And you were dead in the trespasses and sins 2 in which you once walked, following the course of this world, following the prince of the power of the air, the spirit that is now at work in the sons of disobedience— 3 among whom we all once lived in the passions of our flesh, carrying out the desires of the body and the mind, and were by nature children of wrath, like the rest of mankind. 4 But God, being rich in mercy, because of the great love with which he loved us, 5 even when we were dead in our trespasses, made us alive together with Christ— by grace you have been saved— 6 and raised us up with him and seated us with him in the heavenly places in Christ Jesus, 7 so that in the coming ages he might show the immeasurable riches of his grace in kindness toward us in Christ Jesus. 8 For by grace you have been saved through faith. And this is not your own doing; it is the gift of God, 9 not a result of works, so that no one may boast.

The same God who designed and orchestrated the virgin birth is the same God who today sits on the throne. Nothing is impossible for him! Nothing. “Impossible” is not in his vocabulary.

2. The plan of God often involves surprising, scandalous solutions

God chooses Mary, bestows grace upon her, puts a child in her womb, and plans to save the world through something viewed as a scandal. The conception and birth of Jesus will be outside of the norm, it will be marked by mystery, and it will be scandalous. And yet isn’t this often how God works? Even the crucifixion of Jesus was like this! It was outside of the norm (“how can one be saved by a man who is cursed?”), marked by mystery (darkness, earthquake, ripping of the veil), and a scandal (“you believe in someone who was crucified by the Romans?”). But this is how God works. He specializes in redemptive actions that are stunning and surprising, and he invites us to join him in the scandal of grace.

I’m sure that Mary endured many strange, condemning looks. I’m sure that she had to bear up under the pain of wondering what people were thinking about her. She wasn’t the first, and she certainly won’t be last.

12 So Jesus also suffered outside the gate in order to sanctify the people through his own blood. 13 Therefore let us go to him outside the camp and bear the reproach he endured. 14 For here we have no lasting city, but we seek the city that is to come. 15 Through him then let us continually offer up a sacrifice of praise to God, that is, the fruit of lips that acknowledge his name. (Heb 13:12-15)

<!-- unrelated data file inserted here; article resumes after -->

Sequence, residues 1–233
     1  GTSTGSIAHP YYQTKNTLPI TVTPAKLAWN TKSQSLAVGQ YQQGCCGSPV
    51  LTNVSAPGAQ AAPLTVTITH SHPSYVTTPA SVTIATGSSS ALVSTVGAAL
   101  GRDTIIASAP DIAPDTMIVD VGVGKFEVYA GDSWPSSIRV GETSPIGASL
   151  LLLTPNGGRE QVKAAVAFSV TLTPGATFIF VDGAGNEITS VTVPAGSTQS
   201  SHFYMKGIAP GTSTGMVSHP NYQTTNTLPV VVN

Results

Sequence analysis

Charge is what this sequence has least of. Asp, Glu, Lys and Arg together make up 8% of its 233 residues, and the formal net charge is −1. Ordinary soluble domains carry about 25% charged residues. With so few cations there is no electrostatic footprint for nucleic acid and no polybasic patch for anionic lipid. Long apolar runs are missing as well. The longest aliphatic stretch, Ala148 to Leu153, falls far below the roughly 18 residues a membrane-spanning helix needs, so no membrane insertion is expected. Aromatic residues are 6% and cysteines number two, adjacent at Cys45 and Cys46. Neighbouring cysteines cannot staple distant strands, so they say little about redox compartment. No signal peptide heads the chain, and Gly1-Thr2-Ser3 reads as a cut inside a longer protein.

God’s plans often involve going with him “outside the camp.” We don’t follow Jesus because of the fame, the prestige, the logical sense of it all, or the short-term outcomes. We follow the plan of God because we have been captivated the beauty of Jesus and we want to be like him. And so we follow him – even outside the gate.

3. The favor of God is unmerited, overwhelming, and compels obedience

Mary was a wonderful young woman, but she, like us, was fundamentally sinful. And we see in the virgin birth a great picture of how God intervenes in our lives. He loves, calls, converts, and redeems people despite our sinfulness. Romans 5:8 says, “but God shows his love for us in that while we were still sinners, Christ died for us.” God’s grace doesn’t just come into your life, it invades you, conquers you, and woos you!

When you understand the nature of God’s grace like this is motivates you to obey. Rules, fear, threats and pressure pale in comparison to the conquest of your heart through unmerited favor. Thus Mary says in verse 38, “Behold, I am the servant of the Lord; let it be to me according to your word."

4. The silence of God is not the absence of God

Finally, let me finish where we began: between the testaments and 400 years of silence. The virgin birth says that God is coming to his people again! The silence between the testaments is equally a part of God’s plan as the virgin birth. I’m sure that the people of Israel felt like silence meant that God had left. But he hadn’t. He was waiting for just the right time to explode his grace upon the scenery of human history.

So be sure that you don’t confuse the silence of God with his absence. There are moments that we all face – I call them the dark side of God’s will – where it seems, for a season, that God is gone. He is not!

Christmas 2010 may be a hard one of some of you. It may be the first year with a loved one not at the table. It may be yet another year without a little one that you’ve longed for. It may be the first year of Christmas all by yourself. It may be Christmas that you fear may be the last for a loved one. Or it may be a Christmas that seems so uncertain because your future is not clear.

To those of you in that position today and to those who will face seasons like that in 2011, I just want you to look at the virgin birth and to be reminded that one of God’s greatest and most defining acts came when most people gave up.

There are many messages in the virgin birth, but for some of you it is this one: God has a plan; you’re just between the testaments.

Take heart, God is not absent. He may be silent for a while but he’s not absent. And the virgin birth tells us that loud and clear!

1 The Perfect Tense and Passive Mood mean that this is something that has already happened to Mary with ongoing implications for her.

2 John Paul II - editor, Catechism of the Catholic Church (New York, New York: Doubleday Publishers, 1995), 136